We can create more inclusive and equitable pods. This is happening….so let’s do it right.
Thanks to author Sara Peters who is a Mom, former educator and Possip team member. This is one of a series of blogs from our Possip community with ideas on “thinking outside of the school building”.
There are many words that prior to March 2020 weren’t part of our vernacular—”social distancing”, “coronavirus” and now, let’s add “pod” to this list.
If you aren’t a parent or a teacher, you may not know about this phenomenon that is literally sweeping the country. It has become controversial – and for good reason.
Pandemic Driven Pods
When the idea first emerged in my community in Denver, CO, I kind of thought it was a niche, novel idea. As it’s becoming increasingly clear that students may not be returning to in-person learning this calendar year, and/or parents are opting not to send their child back to school buildings, Moms across the country, seemingly simultaneously, had the idea to bring small group of kids together, and form “pandemic pods”.
As a mother of three children, this idea of bringing together a small group of similarly aged children to learn and socialize was immediately appealing. Distance learning did not work for our family, and the isolation of the pandemic has been so hard on my kids. Perfect solution. Or so I thought…
Pods Increasing Inequity
I then realized that parents, largely white, affluent parents, were paying crazy sums of money, hiring highly qualified teachers and private tutors to help facilitate these pods. It quickly became clear that many children were going to be left out of this movement. Further, it may not even meet the needs or desires of all kids and parents.
No one can blame parents for trying to problem solve—I’ll tell you first hand, trying to work and “home school” 3 children was laughable at best. The prospect of having to do it again for another semester, another year, is enough to make me cry. And pods, as a concept, are actually a great idea. Keep the kids safe, healthy, socializing with their peers and learning.
But, how do you create truly inclusive pods? How do we ensure this doesn’t further fragment a system that has failed low-income children and children of color? How do we ensure this doesn’t become a creation of, and for, the “haves”?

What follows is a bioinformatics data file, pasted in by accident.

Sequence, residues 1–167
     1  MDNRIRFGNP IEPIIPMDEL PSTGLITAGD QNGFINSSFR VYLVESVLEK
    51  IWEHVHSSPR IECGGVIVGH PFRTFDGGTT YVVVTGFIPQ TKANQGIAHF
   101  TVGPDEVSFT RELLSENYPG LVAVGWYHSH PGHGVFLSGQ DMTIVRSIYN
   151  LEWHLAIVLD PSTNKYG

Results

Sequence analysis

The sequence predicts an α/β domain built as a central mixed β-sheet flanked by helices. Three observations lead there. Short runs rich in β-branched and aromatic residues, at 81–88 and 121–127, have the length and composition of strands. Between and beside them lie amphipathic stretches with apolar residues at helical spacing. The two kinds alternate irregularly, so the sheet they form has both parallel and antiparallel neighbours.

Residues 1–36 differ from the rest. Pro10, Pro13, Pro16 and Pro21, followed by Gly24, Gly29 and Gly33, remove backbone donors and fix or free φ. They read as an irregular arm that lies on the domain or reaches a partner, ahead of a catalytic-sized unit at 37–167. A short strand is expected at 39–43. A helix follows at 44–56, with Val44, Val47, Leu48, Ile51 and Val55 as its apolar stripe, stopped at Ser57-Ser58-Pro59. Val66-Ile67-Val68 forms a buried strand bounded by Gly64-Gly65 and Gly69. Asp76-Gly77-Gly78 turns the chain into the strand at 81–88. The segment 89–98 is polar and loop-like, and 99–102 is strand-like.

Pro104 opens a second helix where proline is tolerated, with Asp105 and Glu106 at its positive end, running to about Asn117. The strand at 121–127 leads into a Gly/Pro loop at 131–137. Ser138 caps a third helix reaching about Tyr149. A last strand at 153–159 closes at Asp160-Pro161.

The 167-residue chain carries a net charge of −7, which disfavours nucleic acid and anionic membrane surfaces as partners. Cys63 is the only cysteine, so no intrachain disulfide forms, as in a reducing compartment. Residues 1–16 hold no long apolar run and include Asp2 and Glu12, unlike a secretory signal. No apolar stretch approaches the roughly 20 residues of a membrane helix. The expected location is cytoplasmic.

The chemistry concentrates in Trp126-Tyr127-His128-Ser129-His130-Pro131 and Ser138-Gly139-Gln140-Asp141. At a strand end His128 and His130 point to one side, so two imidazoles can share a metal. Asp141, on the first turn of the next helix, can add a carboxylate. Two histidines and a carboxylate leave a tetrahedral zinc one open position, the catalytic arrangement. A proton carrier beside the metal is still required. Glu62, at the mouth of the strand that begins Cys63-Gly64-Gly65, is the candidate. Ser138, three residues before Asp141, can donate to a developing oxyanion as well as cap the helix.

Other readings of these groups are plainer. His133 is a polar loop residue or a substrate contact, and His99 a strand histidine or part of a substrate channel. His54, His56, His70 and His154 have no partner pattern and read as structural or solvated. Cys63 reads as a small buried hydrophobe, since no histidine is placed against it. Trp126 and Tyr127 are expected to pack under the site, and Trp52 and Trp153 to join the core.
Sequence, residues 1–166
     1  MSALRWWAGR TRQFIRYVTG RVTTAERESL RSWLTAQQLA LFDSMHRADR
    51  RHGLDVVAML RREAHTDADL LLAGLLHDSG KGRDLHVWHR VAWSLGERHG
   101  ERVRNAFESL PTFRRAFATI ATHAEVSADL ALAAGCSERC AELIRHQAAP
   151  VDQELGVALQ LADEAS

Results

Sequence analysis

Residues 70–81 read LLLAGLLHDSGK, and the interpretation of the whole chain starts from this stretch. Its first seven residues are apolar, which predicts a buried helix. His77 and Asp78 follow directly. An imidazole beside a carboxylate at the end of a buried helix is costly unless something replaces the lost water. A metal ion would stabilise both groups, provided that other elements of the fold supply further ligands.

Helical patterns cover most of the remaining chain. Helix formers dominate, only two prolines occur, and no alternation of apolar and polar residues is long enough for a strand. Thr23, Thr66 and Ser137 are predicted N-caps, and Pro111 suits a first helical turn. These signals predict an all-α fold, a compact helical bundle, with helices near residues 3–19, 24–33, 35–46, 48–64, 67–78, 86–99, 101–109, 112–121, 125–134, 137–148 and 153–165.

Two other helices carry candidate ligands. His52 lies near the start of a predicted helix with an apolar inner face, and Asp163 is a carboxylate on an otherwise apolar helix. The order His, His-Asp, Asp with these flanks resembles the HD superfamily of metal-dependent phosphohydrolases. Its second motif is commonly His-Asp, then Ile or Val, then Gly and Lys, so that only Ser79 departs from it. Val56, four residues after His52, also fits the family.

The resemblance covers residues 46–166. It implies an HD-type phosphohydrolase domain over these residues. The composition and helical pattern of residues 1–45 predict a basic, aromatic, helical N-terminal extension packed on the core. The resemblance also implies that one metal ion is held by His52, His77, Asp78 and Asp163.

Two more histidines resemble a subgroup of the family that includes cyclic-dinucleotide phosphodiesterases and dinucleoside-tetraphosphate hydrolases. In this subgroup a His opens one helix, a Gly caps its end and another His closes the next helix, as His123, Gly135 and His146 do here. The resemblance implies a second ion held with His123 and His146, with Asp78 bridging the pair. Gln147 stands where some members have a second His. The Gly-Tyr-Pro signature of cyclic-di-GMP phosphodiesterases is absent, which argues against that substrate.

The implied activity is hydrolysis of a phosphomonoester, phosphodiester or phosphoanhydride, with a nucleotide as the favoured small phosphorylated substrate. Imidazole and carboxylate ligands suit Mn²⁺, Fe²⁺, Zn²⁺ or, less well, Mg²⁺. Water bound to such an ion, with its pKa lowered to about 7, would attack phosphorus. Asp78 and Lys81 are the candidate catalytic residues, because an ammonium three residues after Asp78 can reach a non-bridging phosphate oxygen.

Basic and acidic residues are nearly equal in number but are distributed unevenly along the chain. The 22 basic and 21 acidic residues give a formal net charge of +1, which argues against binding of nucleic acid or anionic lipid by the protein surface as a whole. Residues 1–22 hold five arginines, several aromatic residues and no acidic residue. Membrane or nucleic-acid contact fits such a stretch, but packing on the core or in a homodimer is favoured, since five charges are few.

Opportunities for Inclusive and Equitable Pods
The answer: Embrace what is happening (because, it’s happening), and facilitate the pod formation at the school level. Take it back to the school. Give every child an opportunity to join a pod. Create pods purposefully, mindfully and with intention, at the school level, for ALL children. And the beauty of a pod —they all can look different to truly support diverse learners and needs.
So what exactly could this look like?
Let’s just use the 2nd grade as an example. With school facilitated pods, all 2nd graders could be placed intentionally in pods, based on geography, pre-existing relationships, interest, ability, prior class placement, etc. And each unique pod could receive support directly from the school and/or district—some pods may need more support than other pods. Some pods may need instructional support. Some pods might need technology, supplies or a weekly visit from the PE teacher. Some pods might even need space, which the school could then potentially be in a place to offer. Some pods might not need as much support– if I pod (yes, I used pod as a verb), I’d likely need less support with my teaching background. But like I tell my kids at least 47 times a day, fair means everyone gets what they need, not that everyone gets the same thing.
What if this grassroots, largely mother-led pod movement could be inclusive of and transformative for ALL kids?
Equitable Pods Can Lead to a Win-Win
What if this model is a win-win? What if schools and communities can redistribute resources to really, truly meet the needs of all kids? What if teachers who choose to are able to safely teach a tiny group of 4-6 kids outside? What if other teachers could virtually support multiple pods? What if teacher’s own children are placed in pods so they can keep doing their job? And what if, in the end, outcomes for all students are better?
This is happening. Let’s embrace it. But let’s do it right. The concept and execution of “pandemic pods” literally cropped up overnight. It is coming with incredible organization and sophistication (I’m in numerous pod Facebook groups). So it seems like a potential idea ready for replication. No other option put forward—staggered schedules, full-time in-person learning, hybrid learning, remote learning—is a real crowd-pleaser. So, it’s time to think outside the classroom, and take a good idea and make it great.